The attorney general's office said two prior requests from jurisdictions in the United States had been approved in the past, but "El Chapo's" lawyers have the right to introduce in district court arguments against them and 20 days to provide evidence.
If a district court rules in favor of extradition, the case would go to the foreign ministry, which will have 20 days to decide on the matter.
The defendant would have the right to appeal if the ministry rules in favor of extradition.
On Saturday, "El Chapo's" lawyers began the process of fighting the extradition requests, filing an injunction.
"Mr. Guzman Loera should not be extradited to the United States or any other country," attorney Juan Pablo Badillo said. "Mexico has just laws that are detailed in the General Constitution of the Republic."
In September, Mexico extradited 13 suspects long sought by the United States. One of them was Edgar Valdez Villarreal, known as "La Barbie," a dual Mexican and American citizen who rose a top position in the Beltran Leyva drug cartel.
An initial extradition request from the United States in January 2015 was denied. A second one was sent in June, and was approved. Three months later he was extradited.
New request from U.S.
Guzman is included in at least seven indictments in various U.S. jurisdictions.
Mexico said Saturday that it received extradition requests on June 16 and August 31. Those requests resulted in courts in Mexico's 3rd and 8th districts issuing arrest warrants with the purpose of international extradition. At the time the arrest warrants were issued, Guzman was on the lam after escaping prison for a second time.
A new extradition request is being prepared in the United States, an official said.
The U.S. Attorney's Office for the Eastern District of New York is writing a formal extradition request to the Mexican government, Nellin McIntosh, a spokeswoman for the office said Saturday.
The request will ask for Guzman to be extradited to Brooklyn to face charges.
Guzman escaped a Mexican prison in July, crawling through a hole in his cell block's shower area into a lighted, ventilated tunnel, then to a half-built house.
On Friday, special forces from the Mexican navy captured him.
U.S. Attorney General Loretta Lynch didn't bring up extradition in a statement to the media.
"The U.S. Department of Justice is proud to maintain a close and effective relationship with our Mexican counterparts, and we look forward to continuing our work together to ensure the safety and security of all our people," she said Friday.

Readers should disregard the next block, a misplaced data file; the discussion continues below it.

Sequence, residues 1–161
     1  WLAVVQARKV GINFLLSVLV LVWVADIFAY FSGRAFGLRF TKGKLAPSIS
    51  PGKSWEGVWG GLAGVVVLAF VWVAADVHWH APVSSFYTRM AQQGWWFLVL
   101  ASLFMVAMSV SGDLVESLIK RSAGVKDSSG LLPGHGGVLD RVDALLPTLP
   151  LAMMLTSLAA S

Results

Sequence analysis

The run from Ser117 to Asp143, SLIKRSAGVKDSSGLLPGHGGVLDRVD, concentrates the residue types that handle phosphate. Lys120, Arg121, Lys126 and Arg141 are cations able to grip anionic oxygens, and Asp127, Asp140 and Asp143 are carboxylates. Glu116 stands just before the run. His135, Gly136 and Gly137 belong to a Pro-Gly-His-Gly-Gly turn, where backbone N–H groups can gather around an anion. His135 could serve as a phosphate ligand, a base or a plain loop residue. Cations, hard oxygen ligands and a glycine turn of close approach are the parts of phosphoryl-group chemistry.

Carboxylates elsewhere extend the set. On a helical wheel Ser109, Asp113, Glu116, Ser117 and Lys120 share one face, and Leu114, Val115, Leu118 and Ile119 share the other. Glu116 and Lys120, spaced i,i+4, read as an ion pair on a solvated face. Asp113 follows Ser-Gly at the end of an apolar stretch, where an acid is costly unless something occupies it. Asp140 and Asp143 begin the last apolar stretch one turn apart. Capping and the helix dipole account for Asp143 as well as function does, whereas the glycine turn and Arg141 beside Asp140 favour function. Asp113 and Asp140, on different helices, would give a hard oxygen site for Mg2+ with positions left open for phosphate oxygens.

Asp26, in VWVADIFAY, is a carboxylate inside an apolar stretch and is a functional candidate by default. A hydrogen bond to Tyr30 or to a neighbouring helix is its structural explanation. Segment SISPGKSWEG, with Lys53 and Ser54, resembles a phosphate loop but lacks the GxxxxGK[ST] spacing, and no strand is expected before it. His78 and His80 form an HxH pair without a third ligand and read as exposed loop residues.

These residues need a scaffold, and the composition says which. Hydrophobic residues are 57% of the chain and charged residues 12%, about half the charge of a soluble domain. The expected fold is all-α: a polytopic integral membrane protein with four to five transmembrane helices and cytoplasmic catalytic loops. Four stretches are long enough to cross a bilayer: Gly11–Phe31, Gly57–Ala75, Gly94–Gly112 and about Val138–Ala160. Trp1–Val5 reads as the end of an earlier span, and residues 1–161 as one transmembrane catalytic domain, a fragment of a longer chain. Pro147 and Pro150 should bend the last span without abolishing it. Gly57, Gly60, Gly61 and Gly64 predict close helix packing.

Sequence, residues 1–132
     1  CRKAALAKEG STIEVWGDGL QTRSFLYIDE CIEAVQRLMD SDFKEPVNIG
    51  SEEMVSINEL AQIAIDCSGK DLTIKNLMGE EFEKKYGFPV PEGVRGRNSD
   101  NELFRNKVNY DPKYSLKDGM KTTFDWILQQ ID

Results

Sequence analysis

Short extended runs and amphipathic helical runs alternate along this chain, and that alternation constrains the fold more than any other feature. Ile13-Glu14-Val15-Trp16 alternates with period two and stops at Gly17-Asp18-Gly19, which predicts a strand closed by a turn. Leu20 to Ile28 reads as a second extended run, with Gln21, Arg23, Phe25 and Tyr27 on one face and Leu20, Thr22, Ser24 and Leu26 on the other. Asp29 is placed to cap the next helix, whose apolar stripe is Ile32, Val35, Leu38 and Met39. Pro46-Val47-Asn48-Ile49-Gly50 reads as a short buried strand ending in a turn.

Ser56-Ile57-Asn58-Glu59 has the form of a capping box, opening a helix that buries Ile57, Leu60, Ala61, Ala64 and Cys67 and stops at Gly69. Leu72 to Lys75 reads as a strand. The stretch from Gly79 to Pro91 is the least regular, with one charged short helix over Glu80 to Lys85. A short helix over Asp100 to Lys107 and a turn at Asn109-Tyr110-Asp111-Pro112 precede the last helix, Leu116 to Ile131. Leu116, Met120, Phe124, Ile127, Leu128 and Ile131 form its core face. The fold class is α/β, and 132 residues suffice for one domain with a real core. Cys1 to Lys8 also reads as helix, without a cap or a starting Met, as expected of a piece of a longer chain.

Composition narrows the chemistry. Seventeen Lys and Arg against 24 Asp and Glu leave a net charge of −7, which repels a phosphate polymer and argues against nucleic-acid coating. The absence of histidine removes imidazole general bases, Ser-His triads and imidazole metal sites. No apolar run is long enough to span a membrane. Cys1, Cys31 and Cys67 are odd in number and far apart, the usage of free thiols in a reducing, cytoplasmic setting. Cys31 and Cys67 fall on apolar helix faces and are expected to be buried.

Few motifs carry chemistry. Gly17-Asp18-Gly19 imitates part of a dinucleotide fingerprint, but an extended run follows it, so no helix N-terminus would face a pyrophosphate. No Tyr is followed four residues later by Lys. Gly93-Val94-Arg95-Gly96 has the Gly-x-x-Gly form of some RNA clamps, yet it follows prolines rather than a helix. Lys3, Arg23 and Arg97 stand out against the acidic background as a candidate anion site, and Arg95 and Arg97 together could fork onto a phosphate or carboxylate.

A Justice Department official told CNN that Lynch called Mexican Attorney General Arely Gomez Gonzalez to congratulate her and to pledge continued cooperation.
A leading U.S. member of Congress said it would be best for the United States to handle Guzman's incarceration.
"We cannot afford to let #ElChapo slip the bonds of justice again. We need to extradite him to the United States," tweeted Rep. Mike McCaul, R-Texas and chairman of the House Committee on Homeland Security.
Mexican President Enrique Peña Nieto addressed his nation, congratulating the people responsible for Guzman's capture, but didn't indicate whether he would consider extradition.
In the past, Mexican authorities asserted their sovereignty to first prosecute Guzman for crimes in Mexico, despite U.S. officials' concerns the drug kingpin would escape from prison as he had done in 2001.
Analysts last year advanced many interpretations on why Mexico declined to extradite Guzman to the United States shortly after his arrest in 2014.
Some said Nieto wanted to limit U.S. involvement in Mexico's drug war and felt having the United States possibly imprison Mexico's top criminal would be a blow to the country's ego and sovereignty.
Others said former Attorney General Jesus Murillo Karam scuttled any potential deal.
While some theorize Mexican officials feared Guzman might expose dirty dealings among the country's politicians, Murillo Karam said he disapproved of the United States cutting deals with criminals -- as it did in 2013 with Jesús Vicente "El Vicentillo" Zambada Niebla, the son of Guzman's top lieutenant -- and not sharing with Mexico any intelligence from their cooperation.
Officially, Murillo Karam said Guzman would not be extradited until he finished serving his time in Mexico, a sentiment echoed by Mexico's ambassador to the United States, Eduardo Medina-Mora. When Guzman escaped in 2001, he had served seven years of a more than 20-year sentence, and he racked up eight more charges before being recaptured.
Michael Braun, a former chief of operations at the U.S. Drug Enforcement Administration, said Mexico would be wise to send Guzman to the United States.
"The only way that the government of Mexico is going to ensure absolutely that they don't go through another embarrassing situation, another embarrassing escape, is to extradite him to the United States," he said.